24 Recommendations: Transportation Restore the 10% cut in Transit Operating Aids. Keep transit in the segregated transportation fund to protect these funds. Support the creation of Regional Transit Authorities to provide local governments with more options for sustaining transit. Increase funding for Specialized Transportation Assistance (85.21) by $678,000 to keep counties at least at their 2012 levels. Add an additional $5M in funds over the biennium to maintain access to vital transportation services.

25 Employment The Governor’s budget makes various workforce system investments that do not mention people with disabilities:  Increased aid for technical colleges ($5 million) and flexibility in existing worker training funds for high-demand areas.  New performance-based funding requirements for tech colleges.  $20 million for UW system to support development of a skilled workforce.  $1.1 million for school districts to provide academic career plans to students.  State funding for apprenticeship program - $1.8 million. Funding for Division of Vocational Rehabilitation (DVR) continues at minimum state funding levels to avoid penalties.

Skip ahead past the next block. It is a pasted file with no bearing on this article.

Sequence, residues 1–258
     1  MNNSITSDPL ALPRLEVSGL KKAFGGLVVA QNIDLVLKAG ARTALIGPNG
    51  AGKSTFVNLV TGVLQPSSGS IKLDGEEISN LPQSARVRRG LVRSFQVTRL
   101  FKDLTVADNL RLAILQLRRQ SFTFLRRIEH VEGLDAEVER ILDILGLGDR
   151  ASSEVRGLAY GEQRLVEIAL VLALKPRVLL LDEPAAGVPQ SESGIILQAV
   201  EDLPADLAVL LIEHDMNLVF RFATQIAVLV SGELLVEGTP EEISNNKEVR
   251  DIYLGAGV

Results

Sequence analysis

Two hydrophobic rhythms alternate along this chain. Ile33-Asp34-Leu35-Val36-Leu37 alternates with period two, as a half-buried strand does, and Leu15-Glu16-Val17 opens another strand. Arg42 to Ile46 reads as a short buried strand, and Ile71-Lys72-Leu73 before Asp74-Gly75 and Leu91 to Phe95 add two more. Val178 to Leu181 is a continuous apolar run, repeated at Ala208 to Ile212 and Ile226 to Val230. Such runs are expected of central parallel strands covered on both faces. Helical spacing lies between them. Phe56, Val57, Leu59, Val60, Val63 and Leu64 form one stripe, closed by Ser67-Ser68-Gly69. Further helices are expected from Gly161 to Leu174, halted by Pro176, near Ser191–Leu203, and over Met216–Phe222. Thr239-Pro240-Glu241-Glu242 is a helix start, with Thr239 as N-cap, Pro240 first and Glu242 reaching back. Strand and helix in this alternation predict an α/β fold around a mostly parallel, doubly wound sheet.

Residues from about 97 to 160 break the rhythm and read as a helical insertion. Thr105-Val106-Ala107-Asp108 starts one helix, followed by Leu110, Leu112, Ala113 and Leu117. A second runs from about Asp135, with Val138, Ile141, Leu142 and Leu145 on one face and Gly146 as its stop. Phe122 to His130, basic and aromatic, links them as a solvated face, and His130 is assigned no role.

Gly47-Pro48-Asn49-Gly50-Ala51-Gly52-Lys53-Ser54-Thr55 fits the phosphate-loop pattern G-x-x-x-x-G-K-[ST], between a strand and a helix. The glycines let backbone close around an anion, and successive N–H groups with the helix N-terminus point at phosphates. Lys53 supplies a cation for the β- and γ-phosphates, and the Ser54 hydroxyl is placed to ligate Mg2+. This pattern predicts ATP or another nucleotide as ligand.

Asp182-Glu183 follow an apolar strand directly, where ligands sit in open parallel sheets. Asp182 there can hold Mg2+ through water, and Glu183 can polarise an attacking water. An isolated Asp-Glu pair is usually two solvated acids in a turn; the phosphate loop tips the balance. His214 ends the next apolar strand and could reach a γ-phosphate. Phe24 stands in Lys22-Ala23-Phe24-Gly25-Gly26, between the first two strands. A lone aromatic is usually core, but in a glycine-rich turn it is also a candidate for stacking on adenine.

26 Recommendations: Employment Ensure that the Governor’s Workforce Initiative supports workers and youth with disabilities, especially in apprenticeship and employment training programs. Ensure performance benchmarks and grants incentivize addressing poor employment rates of people with disabilities. Provide funding for Work Incentives Benefits Counseling, so workers with disabilities continue to receive appropriate benefits when they begin paid employment. Change state use contracting so incentives include (a) a variety of businesses employing workers with disabilities in integrated settings, and (b) more small businesses owned by people with disabilities. Establish performance targets for participants in integrated employment in Family Care, Partnership and IRIS. Provide funding for regional employment specialists in every Family Care and Partnership MCO.